State Rep. Mitch Greenlick calls for a global budget for Oregon hospitals, while U.S. Sen. Chuck Grassley strengthens the IRS rules
March 25, 2010 -- Despite an influx of new dollars flowing into Medicare because of Congressman Peter DeFazio’s leadership, hospital costs are coming under the radar screen like never before at the state and national level.
State lawmakers have instructed the Division of Medical Assistance Programs to meet with stakeholders – hospitals and managed care plans – and come up with a common reimbursement mechanism to contain hospital costs.
That group must report its findings to the interim Joint Ways and Means Committee or the Emergency Board by Sept. 30, according to a budget note approved by the February legislative session.
Meanwhile, Oregon’s physicians and hospitals are expected to receive enhanced Medicare reimbursement over the next two years. During last-minute negotiations
, DeFazio convinced White House officials to include $400 million of new dollars into the health reform bill. That money will be split among 17 states. It’s still unknown how much money will flow into Oregon’s coffers.
Oregon officials were quick to praise DeFazio’s leadership. “I’m really thrilled that the Congressman stood up for us as a state,” said Dr. Bruce Goldberg, director-designee of the Oregon Health Authority and director of the Department of Human Services.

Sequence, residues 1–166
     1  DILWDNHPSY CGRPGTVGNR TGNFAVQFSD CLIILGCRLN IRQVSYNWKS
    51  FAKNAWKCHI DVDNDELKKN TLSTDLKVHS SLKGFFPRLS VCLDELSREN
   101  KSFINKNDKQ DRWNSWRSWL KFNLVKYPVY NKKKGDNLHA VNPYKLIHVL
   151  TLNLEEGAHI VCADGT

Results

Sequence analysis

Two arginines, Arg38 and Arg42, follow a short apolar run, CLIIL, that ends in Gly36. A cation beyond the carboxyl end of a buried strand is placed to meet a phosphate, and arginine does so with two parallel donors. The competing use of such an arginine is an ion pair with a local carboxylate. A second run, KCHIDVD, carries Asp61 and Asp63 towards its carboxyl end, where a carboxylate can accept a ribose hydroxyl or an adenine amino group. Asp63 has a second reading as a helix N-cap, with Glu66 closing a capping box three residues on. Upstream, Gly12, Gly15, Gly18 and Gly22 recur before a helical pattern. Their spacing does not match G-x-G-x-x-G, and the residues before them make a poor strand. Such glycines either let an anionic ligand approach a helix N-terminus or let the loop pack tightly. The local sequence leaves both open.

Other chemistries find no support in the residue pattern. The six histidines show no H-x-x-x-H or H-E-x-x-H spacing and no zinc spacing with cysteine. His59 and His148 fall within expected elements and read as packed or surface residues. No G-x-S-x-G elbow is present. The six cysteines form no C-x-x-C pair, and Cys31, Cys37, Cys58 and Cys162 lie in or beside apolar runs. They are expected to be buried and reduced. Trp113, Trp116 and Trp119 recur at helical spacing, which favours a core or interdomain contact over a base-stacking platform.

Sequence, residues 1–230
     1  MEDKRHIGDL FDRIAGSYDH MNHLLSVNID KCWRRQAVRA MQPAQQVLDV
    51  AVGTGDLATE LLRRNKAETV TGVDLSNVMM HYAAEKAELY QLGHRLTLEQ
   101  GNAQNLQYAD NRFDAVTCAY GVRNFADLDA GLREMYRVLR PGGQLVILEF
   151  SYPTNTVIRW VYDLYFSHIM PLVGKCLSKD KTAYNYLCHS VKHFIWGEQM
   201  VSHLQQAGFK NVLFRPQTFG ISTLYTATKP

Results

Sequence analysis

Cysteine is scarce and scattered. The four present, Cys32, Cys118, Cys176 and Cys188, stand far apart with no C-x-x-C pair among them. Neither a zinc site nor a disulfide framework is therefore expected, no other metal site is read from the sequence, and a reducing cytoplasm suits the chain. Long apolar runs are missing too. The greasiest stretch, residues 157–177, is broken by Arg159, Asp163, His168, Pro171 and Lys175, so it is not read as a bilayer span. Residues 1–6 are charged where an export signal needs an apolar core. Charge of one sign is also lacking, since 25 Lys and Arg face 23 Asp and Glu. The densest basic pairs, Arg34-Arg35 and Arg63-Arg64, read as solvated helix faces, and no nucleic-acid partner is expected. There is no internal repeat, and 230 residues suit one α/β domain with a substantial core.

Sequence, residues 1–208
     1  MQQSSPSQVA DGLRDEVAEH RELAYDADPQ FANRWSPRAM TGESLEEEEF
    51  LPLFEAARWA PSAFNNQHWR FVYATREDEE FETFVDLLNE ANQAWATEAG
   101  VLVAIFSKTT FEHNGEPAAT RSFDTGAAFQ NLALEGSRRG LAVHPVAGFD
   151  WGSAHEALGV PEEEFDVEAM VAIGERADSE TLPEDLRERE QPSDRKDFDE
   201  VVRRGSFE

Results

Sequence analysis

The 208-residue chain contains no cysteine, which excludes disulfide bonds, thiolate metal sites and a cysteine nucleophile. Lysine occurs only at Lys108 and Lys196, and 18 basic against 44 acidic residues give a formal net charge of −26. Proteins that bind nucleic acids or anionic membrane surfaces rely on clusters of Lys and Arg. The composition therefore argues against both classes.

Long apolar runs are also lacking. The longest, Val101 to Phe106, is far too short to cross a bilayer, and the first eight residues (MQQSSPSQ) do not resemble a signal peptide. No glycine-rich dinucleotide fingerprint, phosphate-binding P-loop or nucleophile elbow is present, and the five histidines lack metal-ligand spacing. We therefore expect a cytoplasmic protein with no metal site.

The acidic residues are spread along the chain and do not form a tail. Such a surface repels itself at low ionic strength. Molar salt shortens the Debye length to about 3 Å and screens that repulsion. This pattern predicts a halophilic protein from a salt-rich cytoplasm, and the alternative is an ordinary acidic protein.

Goldberg also applauded lawmakers for passing such a forward-looking health reform package. “All in all it’s going to be a great benefit to Oregon and is very much in the same direction that the Health Fund Board is moving,” said Goldberg.
Because of DeFazio’s efforts, Kathleen Sebelius, Secretary of Health and Human Services, will conduct two in-depth studies to analyze Medicare reimbursement, and gather data on geographic payment variation among physicians and hospitals. Later this year, she’ll convene a national summit on this topic.
In response, DeFazio couldn’t have been more pleased, “Because of a faulty 40-year-old formula, Oregon suffers from one of the lowest Medicare reimbursement rates in the country, despite being one of the highest quality, best outcomes providers of medical care to seniors in the country. This is wrong. We’ve been working for more than a decade to correct this inequity.”
Hospitals Eat Up 31 Percent
Meanwhile, it’s no secret that hospital expenditures absorb the highest percentage of healthcare costs – 31 percent, according to the latest findings by the Kaiser Family Foundation, followed by physician expenditures at 21 percent.
To bring hospital costs under control, Rep. Mitch Greenlick (D-Portland) would like to see the major payers – Medicare, Medicaid and the commercial insurers – create a global budget for hospital expenditures.
“Hospitals just can’t keep increasing their revenue by doing more services,” he said. “They need to become cost rather than revenue centers. We cannot go on with this craziness. Adding new cancer centers, doubling the size of hospitals, adding new children’s hospitals are huge drivers of cost. We need to figure out how we can rationally produce a hospital budget.”